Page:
China’s corn production for the year ahead and in future years as well as exports/imports will be influenced strongly by rainfall patterns and irrigation water management. Another major influence on its corn yields will be the rate at which China is able to accelerate adoption of currently available production technology. With a population of 1.3 billion persons, the Chinese government is well aware of the importance of food security. It recognizes the need to keep the population well fed to maintain internal peace, as well as the risk of losing some political independence if it depends too heavily on imported food from a small number of nations.
Harvested acreage has shown large swings from year to year, probably in response to weather problems. The data show a slight decline in corn harvested acreage in the past four years, reflecting competition for land from other crops and urban uses. An abnormally dry northern China growing season also may have led to higher than normal abandonment of corn acres. Analysts who project that China is on the verge of becoming a corn importer implicitly assume that static or slowly increasing corn yields will continue in the years ahead. China has had other multi-year periods of relatively flat yields before resuming the long-term uptrend. If China’s average corn yield were to rise to twothirds that of the U.S., with current harvested acreage, its production would be about 2.85 billion bushels above the August USDA projection for 2004.
Potential impacts on U.S. corn exports
Whether or not China’s corn yields resume their uptrend will have a major impact on its trade position and on the U.S. corn supply-demand balance. A return to a trend yield in 2004 with harvested acreage at last year’s level would produce about 820 million bushels more corn than USDA’s World Agricultural Outlook Board projected in August. That, in turn, would be large enough to reverse the downward trend in Chinese corn carryover stocks and maintain Chinese corn exports.
Historical Chinese corn exports
In recent years, China has been a net exporter of 300 to 600 million bushels of corn annually. In the mid-1990s, it temporarily shifted to a net corn import position, contributing strongly to the $5 per bushel corn and $7 per bushel wheat prices of 1995-96. If China drops out of the corn export market, much of the demand normally supplied by its corn would shift to the U.S. When considering the possibility of China shifting from corn exporter to importer, consider the extreme difficulty of forecasting Chinese grain trade.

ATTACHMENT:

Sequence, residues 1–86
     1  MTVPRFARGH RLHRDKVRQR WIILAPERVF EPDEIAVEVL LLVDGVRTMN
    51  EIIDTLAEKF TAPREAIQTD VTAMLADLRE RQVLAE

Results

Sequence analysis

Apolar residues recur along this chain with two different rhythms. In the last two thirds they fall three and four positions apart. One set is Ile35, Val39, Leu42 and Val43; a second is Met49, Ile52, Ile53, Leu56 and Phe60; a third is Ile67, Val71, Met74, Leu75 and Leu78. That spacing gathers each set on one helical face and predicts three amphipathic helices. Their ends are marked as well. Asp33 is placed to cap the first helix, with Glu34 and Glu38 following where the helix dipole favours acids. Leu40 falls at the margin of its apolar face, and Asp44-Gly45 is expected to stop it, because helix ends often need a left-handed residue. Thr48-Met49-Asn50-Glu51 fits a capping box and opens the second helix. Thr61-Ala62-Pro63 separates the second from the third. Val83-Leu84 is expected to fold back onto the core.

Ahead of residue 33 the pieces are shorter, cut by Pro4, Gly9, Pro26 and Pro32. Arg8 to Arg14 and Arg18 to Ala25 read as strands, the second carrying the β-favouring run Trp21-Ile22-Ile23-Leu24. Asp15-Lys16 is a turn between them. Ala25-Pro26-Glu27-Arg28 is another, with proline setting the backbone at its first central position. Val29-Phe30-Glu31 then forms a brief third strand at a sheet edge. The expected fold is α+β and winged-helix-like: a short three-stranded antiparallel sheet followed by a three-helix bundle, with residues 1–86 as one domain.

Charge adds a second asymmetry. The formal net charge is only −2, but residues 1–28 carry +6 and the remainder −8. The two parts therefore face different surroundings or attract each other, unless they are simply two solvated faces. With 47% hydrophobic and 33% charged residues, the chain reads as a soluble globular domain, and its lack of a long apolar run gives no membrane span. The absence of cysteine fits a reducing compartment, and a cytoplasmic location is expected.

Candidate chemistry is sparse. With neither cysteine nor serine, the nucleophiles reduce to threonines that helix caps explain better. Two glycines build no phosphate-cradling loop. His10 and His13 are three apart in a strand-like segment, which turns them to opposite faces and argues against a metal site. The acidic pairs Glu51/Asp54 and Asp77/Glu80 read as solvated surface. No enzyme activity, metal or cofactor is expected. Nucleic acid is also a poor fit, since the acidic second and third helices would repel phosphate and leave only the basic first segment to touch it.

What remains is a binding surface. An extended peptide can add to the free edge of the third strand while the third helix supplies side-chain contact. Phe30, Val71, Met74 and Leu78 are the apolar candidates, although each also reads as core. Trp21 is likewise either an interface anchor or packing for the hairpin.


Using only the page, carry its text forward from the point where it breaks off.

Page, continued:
USDA’s annually released 10-year projections model has indicated for a number of years that China would become a major corn importer, but so far that forecast has not materialized. Chinese corn imports since the late 1980s have consistently been at or near zero, except for 1994-95 and 1995-96.
Ten year projections of net Chinese corn exports were made from large-scale agricultural models of the USDA and FAPRI. Results from both models were issued in early 2004. USDA’s model sees Chinese corn exports steadily declining over the next several years, with the country reaching a net corn import position in 2009-10.
A May 2004 USDA publication sees the shift occurring sooner than indicated by the 10-year projections. FAPRI’s model shows the shift to a net corn importer occurring in 2005-06, with a net reduction in Chinese corn trade from 2004- 05 to 2007-08 of 492 million bushels. If the projections materialize, changes in Chinese demand will remove 492 million bushels of corn from the world market, most of which would need to be offset by the U.S. USDA’s model places the net change at 319 million bushels.
Chinese pork and poultry trends
China’s largest users of corn are swine and poultry. In these sectors, available data indicate feed conversion efficiencies have increased substantially in the last decade as western production technology has been adopted and protein levels in rations have increased rapidly. There is a gradually slowing rate of increase in production in these two industries, in contrast to a widely held view that Chinese livestock and poultry production have been expanding rapidly.
* This information first appeared in Feedstuffs, Vol. 76, No. 30, July 26, 2004.